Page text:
HUFFPOLLSTER: Americans Don’t Think Clinton Or Trump Would Make A Good President

The public has little faith in either candidate.

Hillary Clinton and Donald Trump can’t get a break from their bad ratings. New polls in Florida, Ohio and Pennsylvania show a close general election to come. And both parties are internally divided, but the GOP is way worse off than the Democrats. This is HuffPollster for Tuesday, May 10, 2016.

VOTERS THINK BOTH HILLARY CLINTON AND DONALD TRUMP WOULD MAKE BAD PRESIDENTS - HuffPollster: "Just 27 percent of voters think Clinton would be a great or good president, while 17 percent think she’d be about average, and 54 percent say she’d be either poor or terrible. Trump fares about equally, with 30 percent saying he’d be great or good, 8 percent that he’d be average, and 53 percent that he’d do poorly or terribly." [HuffPost]

A significant change from past elections - A December 2007 poll from Gallup and USA Today asking the same question found that Americans had significantly better impressions of then-candidates Barack Obama and John McCain. Forty-one percent of Americans thought McCain would be a great or good president, with 35 percent believing he'd be average and just 17 percent that he'd be poor or terrible. Obama scored even better ratings, with 51 percent saying he'd be good or great, 24 percent that he'd be average, and only 21 percent that he'd be poor or terrible. Even Clinton scored better in that survey, with just a third of voters believing she'd be a bad president.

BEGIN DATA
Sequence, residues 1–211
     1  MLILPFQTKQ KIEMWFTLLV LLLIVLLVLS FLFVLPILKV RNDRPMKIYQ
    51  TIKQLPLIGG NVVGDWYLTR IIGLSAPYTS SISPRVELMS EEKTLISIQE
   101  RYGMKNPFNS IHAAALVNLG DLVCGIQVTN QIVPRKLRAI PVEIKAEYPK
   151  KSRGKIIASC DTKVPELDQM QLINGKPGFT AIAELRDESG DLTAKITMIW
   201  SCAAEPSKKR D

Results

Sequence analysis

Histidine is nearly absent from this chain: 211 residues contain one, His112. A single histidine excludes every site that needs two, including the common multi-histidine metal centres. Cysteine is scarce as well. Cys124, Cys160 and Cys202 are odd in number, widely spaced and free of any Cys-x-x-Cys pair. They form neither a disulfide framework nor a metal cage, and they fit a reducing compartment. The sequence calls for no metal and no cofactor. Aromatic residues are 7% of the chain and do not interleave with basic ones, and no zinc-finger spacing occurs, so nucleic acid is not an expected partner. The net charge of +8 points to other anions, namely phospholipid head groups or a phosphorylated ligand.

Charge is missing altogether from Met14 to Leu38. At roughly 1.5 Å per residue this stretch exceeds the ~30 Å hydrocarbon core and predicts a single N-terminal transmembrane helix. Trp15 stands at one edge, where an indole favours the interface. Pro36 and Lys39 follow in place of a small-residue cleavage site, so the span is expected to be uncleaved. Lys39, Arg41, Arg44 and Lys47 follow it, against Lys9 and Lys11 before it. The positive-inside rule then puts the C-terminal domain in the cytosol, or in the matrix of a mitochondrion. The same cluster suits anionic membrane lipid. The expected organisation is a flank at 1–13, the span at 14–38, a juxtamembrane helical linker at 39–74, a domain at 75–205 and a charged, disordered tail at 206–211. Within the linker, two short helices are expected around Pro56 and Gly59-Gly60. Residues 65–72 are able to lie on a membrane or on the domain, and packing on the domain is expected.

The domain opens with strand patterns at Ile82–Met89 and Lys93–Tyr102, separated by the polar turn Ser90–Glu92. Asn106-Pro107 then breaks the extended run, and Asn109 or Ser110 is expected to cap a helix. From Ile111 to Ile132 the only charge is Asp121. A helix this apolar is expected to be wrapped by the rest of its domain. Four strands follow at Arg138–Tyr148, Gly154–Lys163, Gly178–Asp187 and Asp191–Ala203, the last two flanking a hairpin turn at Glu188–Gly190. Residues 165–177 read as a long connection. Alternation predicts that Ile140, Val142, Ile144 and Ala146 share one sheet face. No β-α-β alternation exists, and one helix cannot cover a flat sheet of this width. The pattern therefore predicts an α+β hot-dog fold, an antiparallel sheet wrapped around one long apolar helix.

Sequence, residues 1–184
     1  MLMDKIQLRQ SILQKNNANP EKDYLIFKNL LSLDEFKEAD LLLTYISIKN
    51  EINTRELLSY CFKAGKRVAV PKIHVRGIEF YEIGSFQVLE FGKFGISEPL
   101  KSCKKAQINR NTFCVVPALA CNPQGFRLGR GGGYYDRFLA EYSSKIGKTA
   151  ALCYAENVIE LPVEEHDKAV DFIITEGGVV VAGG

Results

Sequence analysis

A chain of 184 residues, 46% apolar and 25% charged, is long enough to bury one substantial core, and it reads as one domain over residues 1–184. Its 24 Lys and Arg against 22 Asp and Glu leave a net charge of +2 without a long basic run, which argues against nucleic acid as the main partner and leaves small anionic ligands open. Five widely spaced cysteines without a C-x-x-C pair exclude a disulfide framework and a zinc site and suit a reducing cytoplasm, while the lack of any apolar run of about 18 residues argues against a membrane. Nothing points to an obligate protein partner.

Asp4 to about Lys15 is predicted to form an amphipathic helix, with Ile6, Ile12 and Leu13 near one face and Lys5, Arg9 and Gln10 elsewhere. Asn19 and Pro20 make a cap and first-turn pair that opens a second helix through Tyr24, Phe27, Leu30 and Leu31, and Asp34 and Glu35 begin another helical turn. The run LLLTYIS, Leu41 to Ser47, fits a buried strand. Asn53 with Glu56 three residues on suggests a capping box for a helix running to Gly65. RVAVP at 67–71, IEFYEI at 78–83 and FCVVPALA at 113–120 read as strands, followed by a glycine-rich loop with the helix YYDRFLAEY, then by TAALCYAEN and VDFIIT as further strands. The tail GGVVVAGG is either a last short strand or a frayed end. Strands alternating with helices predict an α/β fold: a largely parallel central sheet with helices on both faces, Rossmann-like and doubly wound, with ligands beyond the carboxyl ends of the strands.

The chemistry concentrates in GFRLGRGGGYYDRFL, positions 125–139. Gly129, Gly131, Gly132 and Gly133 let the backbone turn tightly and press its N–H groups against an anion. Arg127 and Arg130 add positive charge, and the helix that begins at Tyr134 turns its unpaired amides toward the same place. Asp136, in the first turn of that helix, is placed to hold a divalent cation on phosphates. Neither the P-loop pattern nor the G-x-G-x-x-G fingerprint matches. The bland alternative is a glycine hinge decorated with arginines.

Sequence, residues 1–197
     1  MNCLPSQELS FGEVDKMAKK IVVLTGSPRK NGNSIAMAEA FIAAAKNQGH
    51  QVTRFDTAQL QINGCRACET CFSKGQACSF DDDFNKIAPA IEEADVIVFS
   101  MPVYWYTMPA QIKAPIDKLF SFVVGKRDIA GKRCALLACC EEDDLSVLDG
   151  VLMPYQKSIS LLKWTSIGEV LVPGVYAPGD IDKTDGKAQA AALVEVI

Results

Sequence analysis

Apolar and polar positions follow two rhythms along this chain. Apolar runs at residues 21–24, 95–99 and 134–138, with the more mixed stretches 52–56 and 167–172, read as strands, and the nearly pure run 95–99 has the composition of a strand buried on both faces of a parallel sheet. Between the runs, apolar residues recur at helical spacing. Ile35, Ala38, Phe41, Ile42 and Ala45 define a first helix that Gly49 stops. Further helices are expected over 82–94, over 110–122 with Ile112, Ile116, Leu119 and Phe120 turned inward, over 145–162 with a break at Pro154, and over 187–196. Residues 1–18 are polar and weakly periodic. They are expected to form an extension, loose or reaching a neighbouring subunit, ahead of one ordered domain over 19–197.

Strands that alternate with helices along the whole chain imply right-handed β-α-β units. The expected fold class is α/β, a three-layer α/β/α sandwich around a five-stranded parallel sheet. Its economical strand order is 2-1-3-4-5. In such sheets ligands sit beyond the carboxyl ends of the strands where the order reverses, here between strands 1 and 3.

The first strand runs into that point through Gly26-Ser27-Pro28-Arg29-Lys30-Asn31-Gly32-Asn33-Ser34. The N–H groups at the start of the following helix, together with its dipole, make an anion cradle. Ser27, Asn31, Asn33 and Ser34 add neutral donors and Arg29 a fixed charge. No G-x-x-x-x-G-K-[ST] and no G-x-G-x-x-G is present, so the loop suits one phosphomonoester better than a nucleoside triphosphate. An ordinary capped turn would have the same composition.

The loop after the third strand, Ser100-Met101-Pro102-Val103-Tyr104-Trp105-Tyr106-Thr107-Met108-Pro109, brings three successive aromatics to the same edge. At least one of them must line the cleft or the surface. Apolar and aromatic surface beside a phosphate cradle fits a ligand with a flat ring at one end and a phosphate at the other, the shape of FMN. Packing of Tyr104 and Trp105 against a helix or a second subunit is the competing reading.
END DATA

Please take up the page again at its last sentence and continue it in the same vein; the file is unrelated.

Making a direct comparison is tricky -- the HuffPost/YouGov survey is an online poll of registered voters, while the Gallup survey was a phone poll of all adults, and each took place at a different time in the campaign cycle. But despite those differences, it's abundantly clear that, due to a combination of political polarization and their personal unfavorability ratings, both Clinton and Trump are unpopular with the electorate in a way that sets them apart from previous candidates.

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CLOSE RACES IN FLORIDA, OHIO AND PENNSYLVANIA - Quinnipiac University: “In a race marked by wide gender, age and racial gaps, former Secretary of State Hillary Clinton and Donald Trump are running neck and neck in the key presidential Swing States of Florida, Ohio and Pennsylvania, but Sen. Bernie Sanders of Vermont runs stronger against the likely Republican nominee, according to a Quinnipiac University Swing State Poll released today. Clinton and Trump both have negative favorability ratings among voters in each state, compared to Sanders' split score…The presidential matchups show: Florida - Clinton at 43 percent, with 42 percent for Trump and Sanders at 44 percent to Trump's 42 percent; Ohio - Trump edges Clinton 43 - 39 percent, while Sanders gets 43 percent to Trump's 41 percent; Pennsylvania - Clinton at 43 percent to Trump's 42 percent, while Sanders leads Trump 47 - 41 percent.” [Quinnipiac]